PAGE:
Seriously, I have been meaning to blog about this for ages and Samier blogged it about it the other time too!
Different personalities associated with different languages – me and my alternative language selves
For example, when I speak Korean, I’m not so shy and I feel really brave, when I speak in Chinese I feel more outgoing and talkative, and when I speak Japanese I feel very polite and collected.
I need to stress that it’s not saying that we associate these traits to languages and people who speak them. It’s about how our own personalities kinda change a little when we speak in different languages.
For me, I have come to realize that I’m a much nicer and subtle person when speaking in Korean. Perhaps because of my cultural knowledge, I subconsciously respect elders a lot more, show more deference, speak politely to people, be conscious of the age hierarchy. I generally sound a lot nicer (tone wise), more agreeable and a lot more face-giving.
For example, I won’t directly disagree or rebuk a person (especially a senior) unless it really really really pisses me off. I will choose to smile politely and keep the conversation light. And most of the time sound agreeable. Although there are times that my honest and direct personality still come out in Korean, it’s very toned down.
It’s a total different story when I’m speaking in Chinese or English. It’s not about the proficiency. Believe it or not, I can still argue or sound sarcastic in Korean. ^^ When I’m speaking in English or Chinese, I tend to have a more direct personality and I’ll tell you what I really feel about things. Of course I’m still super nice when you are nice and polite, but I don’t take digs / thinly veiled criticisms quietly and if I see a need to rebuke, I will. No caring if you are a senior or not. Not that I’m going to be impolite, but I believe in voicing out what I feel too, in a polite way. But too bad if you really pissed me off, I can get pretty sharp. And I generally have no interest in exchanging fake pleasantries with judgmental people. I generally have little patience with them, since I met too many of them. D:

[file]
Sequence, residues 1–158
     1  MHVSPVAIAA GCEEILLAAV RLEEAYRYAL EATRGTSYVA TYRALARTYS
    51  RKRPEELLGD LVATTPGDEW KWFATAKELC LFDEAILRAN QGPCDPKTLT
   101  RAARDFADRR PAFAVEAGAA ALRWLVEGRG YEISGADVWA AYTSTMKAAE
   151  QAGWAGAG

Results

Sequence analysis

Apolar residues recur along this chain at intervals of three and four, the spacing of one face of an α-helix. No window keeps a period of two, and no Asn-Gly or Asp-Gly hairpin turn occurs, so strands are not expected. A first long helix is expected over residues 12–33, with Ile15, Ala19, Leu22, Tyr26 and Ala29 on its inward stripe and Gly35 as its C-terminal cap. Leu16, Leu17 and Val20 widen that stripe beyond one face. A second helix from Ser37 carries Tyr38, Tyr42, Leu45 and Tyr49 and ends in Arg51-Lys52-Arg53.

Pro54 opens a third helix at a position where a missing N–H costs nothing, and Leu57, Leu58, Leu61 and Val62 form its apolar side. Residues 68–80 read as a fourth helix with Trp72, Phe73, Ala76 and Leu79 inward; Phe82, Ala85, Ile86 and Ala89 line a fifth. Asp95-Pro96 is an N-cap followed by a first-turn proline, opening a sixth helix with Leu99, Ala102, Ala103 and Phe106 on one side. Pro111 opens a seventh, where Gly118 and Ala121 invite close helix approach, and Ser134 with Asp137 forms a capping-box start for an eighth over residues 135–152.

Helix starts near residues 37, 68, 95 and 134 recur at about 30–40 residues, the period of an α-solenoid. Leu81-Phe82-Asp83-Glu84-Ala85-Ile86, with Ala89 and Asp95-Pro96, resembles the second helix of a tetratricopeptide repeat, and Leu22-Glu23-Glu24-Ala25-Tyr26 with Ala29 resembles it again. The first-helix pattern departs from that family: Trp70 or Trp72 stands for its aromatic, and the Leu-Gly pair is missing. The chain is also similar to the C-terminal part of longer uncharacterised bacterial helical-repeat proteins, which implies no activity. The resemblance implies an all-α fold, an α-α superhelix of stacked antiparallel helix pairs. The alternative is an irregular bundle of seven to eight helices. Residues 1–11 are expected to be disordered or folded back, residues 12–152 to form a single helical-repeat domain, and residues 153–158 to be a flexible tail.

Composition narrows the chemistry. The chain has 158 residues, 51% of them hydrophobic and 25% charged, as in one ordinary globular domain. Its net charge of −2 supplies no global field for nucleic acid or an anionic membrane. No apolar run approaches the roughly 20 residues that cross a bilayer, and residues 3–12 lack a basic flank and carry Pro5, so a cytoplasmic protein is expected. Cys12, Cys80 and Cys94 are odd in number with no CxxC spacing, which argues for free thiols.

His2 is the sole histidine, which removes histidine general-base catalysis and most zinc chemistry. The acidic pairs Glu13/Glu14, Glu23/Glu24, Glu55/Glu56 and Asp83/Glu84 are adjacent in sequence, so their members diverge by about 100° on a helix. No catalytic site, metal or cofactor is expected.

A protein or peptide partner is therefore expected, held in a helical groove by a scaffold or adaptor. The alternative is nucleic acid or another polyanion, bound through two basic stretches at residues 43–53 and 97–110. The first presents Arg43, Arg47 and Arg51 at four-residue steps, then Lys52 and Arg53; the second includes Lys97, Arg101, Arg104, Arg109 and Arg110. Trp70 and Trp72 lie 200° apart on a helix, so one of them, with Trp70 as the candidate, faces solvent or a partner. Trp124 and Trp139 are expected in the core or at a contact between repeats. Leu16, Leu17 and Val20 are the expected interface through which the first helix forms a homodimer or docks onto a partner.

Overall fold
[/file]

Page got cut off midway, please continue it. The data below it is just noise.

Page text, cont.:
I generally dislike it when people try to go the roundabout way of saying things. For example, ‘I’m not saying this to criticize you.. / I’m not saying it’s a bad thing’.haha I’ll give you the benefit of the doubt but once you say that a little too many times I’ll start to wonder what’s your true intentions. #justsaying Why don’t you say ‘it’s a great thing, but why don’t…’. I think that sounds a lot nicer. #language peeves
It’s interesting how I’ll not pay that much attention to hierarchy when speaking in English, perhaps because there is less of a cultural emphasis on that in English. It’s like how I am used to calling a Korean Professor by her first name in English but if I ever happen to talk to her in Korean, I’ll definitely use 교수님 instead of her name. I think I’ll be mortified if I slipped and call her by her first name in Korean. ><;; And I think the conversation will be more casual in English and more formal in Korean XD
There are so many tiny ways that I think my personality/tone etc differ across language selves and it’s interesting to reflect and think about them.
As for Japanese, I think I’m still too much of a beginner to start thinking of a language self. Perhaps I’ll develop one in the future 😀
Generally I’m a very carefree kind of person, and I like to do things that I like and am passionate about. ^^ I think that doesn’t change across my language selves.
What is your personality like and how do you think it changes as you speak in different languages? I’m really curious!